Of Public Wrongs is Blackstone's treatise on criminal law.
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Here, Blackstone the apologist takes centre stage; he seeks to explain how the criminal laws of England were just and merciful, despite becoming later known as the Bloody Code for their severity. He does however accept that "It is a melancholy truth, that among the variety of actions which men are daily liable to commit, no less than an hundred and sixty have been declared by Act of Parliament to be felonious without benefit of clergy ; or, in other words, to be worthy of instant death".
Blackstone frequently resorted to assuring his reader that the laws as written were not always enforced, and that the King's power of pardon could be exercised to correct any hardships or injustices. Blackstone for the first time made the common law readable and understandable by non-lawyers.
At first, his Commentaries were hotly contested, some seeing in them an evil or covert attempt to reduce or codify the common law which was anathema to common law purists. For decades, a study of the Commentaries was required reading for all first year law students.
Commentaries on the Laws of England: In Four Books, Volume 1
Lord Avonmore said of Blackstone: "He it was who first gave to the law the air of a science. He found it a skeleton and clothed it with life, colour and complexion. He embraced the cold statue and by his touch, it grew into youth, health and beauty. While there is much valuable historical information in the Commentaries , later historians have tended to be somewhat critical of the uses Blackstone made of history. There is a lot of what would later be called " Whig history " in the Commentaries [ citation needed ] ; the easy and contradictory assurance that England's current political settlement represented the optimal state of rational and just government, while claiming simultaneously that this optimal state was an ideal that had always existed in the past, despite the many struggles in England's history between overreaching kings and wayward Parliaments.
But Blackstone's chief contribution was to create a succinct, readable, and above all handy epitome of the common law tradition. While useful in England, Blackstone's text answered an urgent need in the developing United States and Canada. In the United States, the common law tradition was being spread into frontier areas, but it was not feasible for lawyers and judges to carry around the large libraries that contained the common law precedents. The four volumes of Blackstone put the gist of that tradition in portable form.click here
William Blackstone: Commentaries on the Laws of England ()
They were required reading for most lawyers in the Colonies, and for many, they were the only reading. Eller 83 [her copy imperfect]; Lauechli Publisher: Printed.
Two Volumes. In Four Books. Burn, LL. Eller 14 Publisher: Printed for W.
Displaying 1-50 of 138 results for author "Blackstone, William, Sir, 1723-1780."
Strahan; T. Cadell, in the Strand [etc. Description: The closest we come to Blackstone's "received text", incorporating the manuscript corrections in his hand found in his own copy, becoming the edition, in the words of William Hammond, from which "most of the current editions are printed" Condition: Contemporary tree calf, the spines elaborately extra-gilt, lightly rubbed and chipped, but altogether quite an appealing, even gorgeous set Book No. Description: An early, mixed edition of the pre-eminently collectible work of Anglo-American law, the principal fruits of Blackstone's Vinerian Professorship at Oxford, the first legal chair in the English speaking world whose first occupant was Blackstone Condition: Contemporary calf, rubbed, rebacked, the spines elaborately gilt in a lighter colored leather, a good, wide-margined set Book No.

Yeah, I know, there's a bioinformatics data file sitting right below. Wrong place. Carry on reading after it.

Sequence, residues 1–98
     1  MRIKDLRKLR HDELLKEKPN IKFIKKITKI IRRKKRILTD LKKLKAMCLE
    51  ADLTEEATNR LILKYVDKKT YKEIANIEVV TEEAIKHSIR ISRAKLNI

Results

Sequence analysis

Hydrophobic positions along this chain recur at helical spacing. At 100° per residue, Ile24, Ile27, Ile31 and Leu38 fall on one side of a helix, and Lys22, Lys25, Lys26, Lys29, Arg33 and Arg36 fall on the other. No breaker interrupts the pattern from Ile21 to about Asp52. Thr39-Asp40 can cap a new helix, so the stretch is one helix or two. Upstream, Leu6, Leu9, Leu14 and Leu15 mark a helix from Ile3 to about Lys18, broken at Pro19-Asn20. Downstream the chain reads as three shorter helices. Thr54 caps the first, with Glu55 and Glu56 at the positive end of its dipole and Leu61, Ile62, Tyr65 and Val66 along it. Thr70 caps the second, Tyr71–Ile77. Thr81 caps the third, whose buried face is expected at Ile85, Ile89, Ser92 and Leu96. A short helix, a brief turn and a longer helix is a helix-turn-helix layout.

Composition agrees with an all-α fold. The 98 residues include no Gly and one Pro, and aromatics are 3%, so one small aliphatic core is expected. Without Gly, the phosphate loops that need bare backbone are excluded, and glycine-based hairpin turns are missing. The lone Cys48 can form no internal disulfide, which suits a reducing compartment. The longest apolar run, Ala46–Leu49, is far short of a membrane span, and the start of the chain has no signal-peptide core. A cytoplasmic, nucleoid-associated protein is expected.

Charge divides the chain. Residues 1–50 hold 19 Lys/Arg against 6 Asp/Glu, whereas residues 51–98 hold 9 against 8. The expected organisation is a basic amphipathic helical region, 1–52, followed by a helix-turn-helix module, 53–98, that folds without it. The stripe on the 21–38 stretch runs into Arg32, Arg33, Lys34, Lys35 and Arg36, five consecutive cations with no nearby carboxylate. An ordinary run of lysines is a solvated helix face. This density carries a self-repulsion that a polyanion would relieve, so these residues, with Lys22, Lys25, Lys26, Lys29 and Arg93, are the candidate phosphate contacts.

Description: The edition which will now become the standard scholarly edition, tracing the changes made by Blackstone in the eight editions which appeared during his lifetime between and and the ninth on which he was working at his death in Condition: Original cloth, as new in the dustjackets, still wrapped in the publisher's clear plastic Book No. Description: The facsimile re-issue in paperback of the first edition printed at Oxford between and ; with four brief scholarly introductions, one for each volume Condition: Original printed illustrated wraps, as new Book No.
Eller ; Lauechli Publisher: Printed for R. Baldwin at the Rose in Pater-noster-Row, London, The Fourth [sic] Edition. Description: A very early Dublin-printed, pirated edition the second of Blackstone's classic work, appearing during the same year as the first American edition, and the first in Ireland in which all four volumes were published during the same year Condition: Contemporary calf, rubbed, a few repairs, new labels; a sound set Book No.
Not separately listed in Eller, who also does not list the London variant printings of ; compare Eller Quarto Publisher: Printed for T. Cadell Successor to Mr. Millar in the Strand, London, Condition: NEW. For all enquiries, please contact Herb Tandree Philosophy Books directly - customer service is our primary goal.
Book Description Routledge Cavendish. Seller Inventory Language: English. Brand new Book. Seller Inventory BTE Book Description Routledge-Cavendish. Items related to Blackstone's Commentaries on the Laws of England Wayne Morrison. Publisher: Routledge-Cavendish , This specific ISBN edition is currently not available.
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